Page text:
(One little additional note: I’m talking at the professional level here. Please don’t refuse to drop me a note for fear of making errors. I truly do want to keep my friends. My point is that when we’re doing professional writing, we need to be professionals. The rest of the time, my red pen is safely in the drawer.)

So celebrate National Grammar Day with me! Grammar is the toolbox of our trade. Let’s keep those tools sharp!

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I just got off the phone with my friend, L. Marie, who recently created a blog, “Thoughts about writing and life.” I’m thrilled that she’s blogging! We chatted about Literary Citizenship and how she needs this online presence in order to impress the agents where she’s currently shopping her young adult fantasy book. She has an MFA and is a terrific writer—but she realized that she needed to get online and join the literary world. I talked to her all about what we’re doing in our class; we talked through WordPress and how to add hyperlinks and tags. She’s on a roll now!

She’s also an avid reader, so I encouraged her to do reviews of books (her current blog is a movie review that ties into her writing). And wouldn’t you know it, our Lit Cit class is talking about that very topic this week. Book reviews are extremely important–especially book reviews by book lovers and writers who understand the craft.

That’s you.Reading 2

Indeed, Robin Becker at Penn State has an entire class on book reviewing because “my own experience had led me to book reviewing. Years ago, just as my first book entered production, I asked a more experienced poet how to get my book reviewed. She replied, ‘Review other people’s work. That way, you participate in the conversation.'”

As citizens of the literary world, we should participate in the conversation about books by reviewing books and helping along other authors who are just getting started.

Sure, review the latest Stephen King if you want, but it will be a great help to another fledgling writer if you discover and love his or her book and write a well-crafted review. Post it on your blog, sell it to a magazine where it might fit, offer it to a newspaper in the town where the author will be doing a reading. Follow up with an interview and do the same thing.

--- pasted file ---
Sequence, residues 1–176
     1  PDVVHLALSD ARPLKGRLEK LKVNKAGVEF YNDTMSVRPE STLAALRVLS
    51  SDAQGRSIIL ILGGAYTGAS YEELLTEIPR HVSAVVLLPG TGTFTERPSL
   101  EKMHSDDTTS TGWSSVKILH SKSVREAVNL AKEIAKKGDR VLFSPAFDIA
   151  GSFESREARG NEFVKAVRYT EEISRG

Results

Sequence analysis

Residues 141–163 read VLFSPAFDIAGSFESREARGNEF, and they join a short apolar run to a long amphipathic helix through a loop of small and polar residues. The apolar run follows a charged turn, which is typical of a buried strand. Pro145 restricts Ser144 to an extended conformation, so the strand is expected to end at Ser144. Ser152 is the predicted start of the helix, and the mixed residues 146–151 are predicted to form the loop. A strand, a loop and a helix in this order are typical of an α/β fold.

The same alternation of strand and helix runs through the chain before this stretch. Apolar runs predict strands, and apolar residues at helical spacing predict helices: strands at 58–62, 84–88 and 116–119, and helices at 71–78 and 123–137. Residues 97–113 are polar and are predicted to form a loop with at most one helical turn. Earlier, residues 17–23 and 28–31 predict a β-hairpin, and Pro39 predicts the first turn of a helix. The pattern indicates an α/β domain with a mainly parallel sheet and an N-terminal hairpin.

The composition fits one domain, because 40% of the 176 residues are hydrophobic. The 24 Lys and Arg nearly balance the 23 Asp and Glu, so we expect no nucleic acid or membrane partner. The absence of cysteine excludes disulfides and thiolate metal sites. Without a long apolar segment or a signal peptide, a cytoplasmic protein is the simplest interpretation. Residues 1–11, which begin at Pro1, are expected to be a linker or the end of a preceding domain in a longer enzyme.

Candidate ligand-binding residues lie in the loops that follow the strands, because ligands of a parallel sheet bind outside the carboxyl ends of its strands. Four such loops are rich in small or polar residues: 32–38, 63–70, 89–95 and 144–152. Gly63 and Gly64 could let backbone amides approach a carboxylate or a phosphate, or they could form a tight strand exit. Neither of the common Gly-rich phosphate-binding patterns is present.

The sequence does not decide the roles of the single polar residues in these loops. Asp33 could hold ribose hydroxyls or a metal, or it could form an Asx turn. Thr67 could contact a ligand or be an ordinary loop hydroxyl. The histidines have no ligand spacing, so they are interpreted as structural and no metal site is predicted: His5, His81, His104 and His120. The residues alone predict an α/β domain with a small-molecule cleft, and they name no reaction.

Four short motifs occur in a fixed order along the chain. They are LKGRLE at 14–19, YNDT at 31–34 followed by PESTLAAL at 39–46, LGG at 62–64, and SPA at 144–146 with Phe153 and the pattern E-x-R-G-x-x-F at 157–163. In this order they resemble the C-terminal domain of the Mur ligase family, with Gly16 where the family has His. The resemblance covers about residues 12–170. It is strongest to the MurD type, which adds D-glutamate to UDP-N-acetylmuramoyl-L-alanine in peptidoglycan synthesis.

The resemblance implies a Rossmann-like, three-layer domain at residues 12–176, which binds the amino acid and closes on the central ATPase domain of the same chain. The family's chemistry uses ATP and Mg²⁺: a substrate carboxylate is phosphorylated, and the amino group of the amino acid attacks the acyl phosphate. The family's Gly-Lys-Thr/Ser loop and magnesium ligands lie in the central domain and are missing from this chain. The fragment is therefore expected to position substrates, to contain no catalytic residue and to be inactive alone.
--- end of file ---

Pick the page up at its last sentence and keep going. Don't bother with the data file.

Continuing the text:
But maybe, like me, you wonder how to craft a good book review. Well, here’s some help.

I’m new to this, so I come to the topic eager to learn. Our class website featured an interview with David Walton, author and prolific book reviewer, who offered his advice on writing book reviews. So I am passing along what I’m learning to you.

I love the pie chart included there; further detail about each category on that pie chart is here so that you understand what plot synopsis (35%), critical analysis (25%), showing off (20%), providing context (10%), and quoting from the text (10%) mean in the context of a book review.

Reading 1I also discovered that there is a lot of conversation happening in the literary world regarding book reviews. I think I’ve stayed away because I thought: (a) I’m not high profile enough to write in the New York Times book review column, (b) I don’t know how to write a review, and (c) I don’t even want to comment on Amazon because isn’t that just people who either like or dislike the author or the topic and really write nothing about the quality of the book? (Charles Baxter calls this “Owl Criticism”: I don’t like owls; this book is about owls; I don’t like this book.) Indeed, many publishers are vetting their book reviewers to make sure they’re legit.